Before we left the area we grabbed a soft serve ice cream at the camp store, which ended up being pretty darn good! At the next campground we stayed in I heard two young kids asking their dad if they could please (so polite) get some ice cream at the camp store and then being totally disappointed (loved the melodrama!) when their dad told them there was no camp store at the campground. They had to ask their poor dad many more times to make sure there was actually no soft serve ice cream for them. After awhile they started asking if they could go back to the other campground because that one was WAY better. See, the ice cream was that good!
We continued east on Hwy 89 stopping at the Hat Creek parking lot to have some lunch and dip our feet in Hat Creek. We were thinking of hiking to Paradise Meadows (2.8 miles round trip) since the trailhead was across the street from the parking lot, but we wanted to get situated in our next campsite and it was getting quite warm by then. So, we put that hike on our ‘next time’ list and continued on.
Summit Lake North Campground
Summit Lake was beautiful and they have a great day-use area, but I wasn’t the biggest fan of the campground. The spaces were really close together and I felt kind of claustrophobic camping here. Our site was B17 and although it was at the edge of loop B with a pond in the back of the site, the site next to us was very close. Close enough to hear conversations pretty clearly. Also, the pipes carrying water to the campground were broken so the restrooms were closed (they did have port a potties by the entrance). It didn’t impact us, but we were glad we filled the campervan up with water at the Lake Manzanita campground fill station.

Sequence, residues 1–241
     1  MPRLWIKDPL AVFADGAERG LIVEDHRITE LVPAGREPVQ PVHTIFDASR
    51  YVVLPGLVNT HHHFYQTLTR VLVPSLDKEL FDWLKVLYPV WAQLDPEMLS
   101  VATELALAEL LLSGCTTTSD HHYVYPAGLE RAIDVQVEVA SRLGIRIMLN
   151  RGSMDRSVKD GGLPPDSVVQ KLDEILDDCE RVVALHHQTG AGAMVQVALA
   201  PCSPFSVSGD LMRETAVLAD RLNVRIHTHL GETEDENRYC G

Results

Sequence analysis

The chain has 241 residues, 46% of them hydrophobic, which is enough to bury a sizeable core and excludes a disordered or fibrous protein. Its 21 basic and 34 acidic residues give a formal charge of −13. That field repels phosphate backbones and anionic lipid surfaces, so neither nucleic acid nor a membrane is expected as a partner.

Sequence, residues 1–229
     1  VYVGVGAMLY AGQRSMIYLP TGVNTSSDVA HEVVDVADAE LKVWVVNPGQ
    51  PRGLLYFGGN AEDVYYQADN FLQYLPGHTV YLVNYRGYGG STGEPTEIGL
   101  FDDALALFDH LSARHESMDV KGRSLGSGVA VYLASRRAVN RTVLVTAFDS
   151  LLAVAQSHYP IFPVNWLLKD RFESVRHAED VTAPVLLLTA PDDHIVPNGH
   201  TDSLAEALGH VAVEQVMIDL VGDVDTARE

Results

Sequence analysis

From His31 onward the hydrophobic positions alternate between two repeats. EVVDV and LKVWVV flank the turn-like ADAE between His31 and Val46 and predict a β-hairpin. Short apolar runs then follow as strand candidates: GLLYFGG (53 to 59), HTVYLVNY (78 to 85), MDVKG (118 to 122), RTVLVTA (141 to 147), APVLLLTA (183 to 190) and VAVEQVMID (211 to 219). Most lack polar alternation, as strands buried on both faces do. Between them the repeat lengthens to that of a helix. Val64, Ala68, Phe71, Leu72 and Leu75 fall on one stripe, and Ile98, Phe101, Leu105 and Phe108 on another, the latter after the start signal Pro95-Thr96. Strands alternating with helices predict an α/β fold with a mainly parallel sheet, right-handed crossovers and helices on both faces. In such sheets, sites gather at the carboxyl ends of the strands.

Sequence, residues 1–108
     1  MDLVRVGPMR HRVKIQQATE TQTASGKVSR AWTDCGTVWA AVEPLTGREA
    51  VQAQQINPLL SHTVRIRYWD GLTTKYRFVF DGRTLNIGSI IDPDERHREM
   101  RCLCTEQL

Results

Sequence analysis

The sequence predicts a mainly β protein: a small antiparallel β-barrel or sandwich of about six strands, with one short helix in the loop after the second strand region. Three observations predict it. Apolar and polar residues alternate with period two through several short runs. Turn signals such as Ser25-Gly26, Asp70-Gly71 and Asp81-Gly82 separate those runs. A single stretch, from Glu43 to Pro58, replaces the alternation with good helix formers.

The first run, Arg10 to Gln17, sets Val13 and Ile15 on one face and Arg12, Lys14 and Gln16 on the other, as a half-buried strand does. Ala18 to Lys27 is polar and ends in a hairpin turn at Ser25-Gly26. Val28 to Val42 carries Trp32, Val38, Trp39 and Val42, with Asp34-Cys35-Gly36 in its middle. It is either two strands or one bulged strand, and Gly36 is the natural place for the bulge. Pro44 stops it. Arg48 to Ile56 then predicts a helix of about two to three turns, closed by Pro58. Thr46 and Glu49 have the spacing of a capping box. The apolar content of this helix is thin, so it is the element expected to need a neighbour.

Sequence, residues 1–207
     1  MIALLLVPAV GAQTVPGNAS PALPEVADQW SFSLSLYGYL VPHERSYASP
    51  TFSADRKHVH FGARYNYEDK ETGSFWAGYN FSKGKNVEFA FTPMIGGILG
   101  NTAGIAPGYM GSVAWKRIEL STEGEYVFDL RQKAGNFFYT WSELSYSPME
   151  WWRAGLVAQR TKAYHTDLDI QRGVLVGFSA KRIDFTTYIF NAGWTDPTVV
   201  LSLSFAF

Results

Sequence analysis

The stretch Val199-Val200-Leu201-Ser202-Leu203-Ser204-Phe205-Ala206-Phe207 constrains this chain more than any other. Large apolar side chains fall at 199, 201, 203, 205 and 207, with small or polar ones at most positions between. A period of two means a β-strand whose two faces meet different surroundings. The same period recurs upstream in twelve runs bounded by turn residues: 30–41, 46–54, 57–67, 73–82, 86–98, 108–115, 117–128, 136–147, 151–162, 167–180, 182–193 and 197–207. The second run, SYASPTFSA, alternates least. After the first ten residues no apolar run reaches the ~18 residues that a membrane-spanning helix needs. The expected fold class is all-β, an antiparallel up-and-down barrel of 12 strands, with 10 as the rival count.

The day-use area, however, was great with picnic tables in a large shaded area along the banks of the lake. My daughter braved the cold water and went for a swim. She made many interesting faces as she walked deeper into the lake acclimating to the temperature of the alpine lake. She didn’t stay in too long, but claimed that it was refreshing through chattering teeth. This would be a great lake to explore on a floatation device! As the daytime temperature cooled down, we started talking about an evening hike and picnic dinner. We decided on the Echo Lake hike since the trailhead was right by the campground. We grabbed some water, picnic food, jackets and mosquito repellent then made our way to the trailhead on the east end of the campground past the boardwalk. The Echo Lake hike is a 3.6 mile round trip hike to an alpine lake through some amazing scenery. 3.6 miles doesn’t sound so bad, but when you factor in the altitude (7,136 ft at the high point) and the elevation changes, it’s a bit more challenging and takes longer than you would think. The uphill sections were tough, but this was a beautiful hike that took you through many different types of terrain and it was fun to have a destination to walk to. Definitely worth the workout! The hike took us about 2 hours including a small break to admire the lake. We were surprised to have encountered only one other couple on the trail the entire time. Loved the feeling of having the place all to ourselves.
We returned to the campground tired and hungry, but happy to have experienced the hike. We finally had our picnic dinner that we carried with us on the hike…back at the campsite…inside the mosquito free campervan.
If you’re interested, check out our first day at Lassen at Manzanita Lake Campground and our visit to Subway Caves and McArthur-Burney Falls (Lassen Volcanic National Park, Day 1), also our driving tour of the park (Driving Tour of Lassen Volcanic National Park).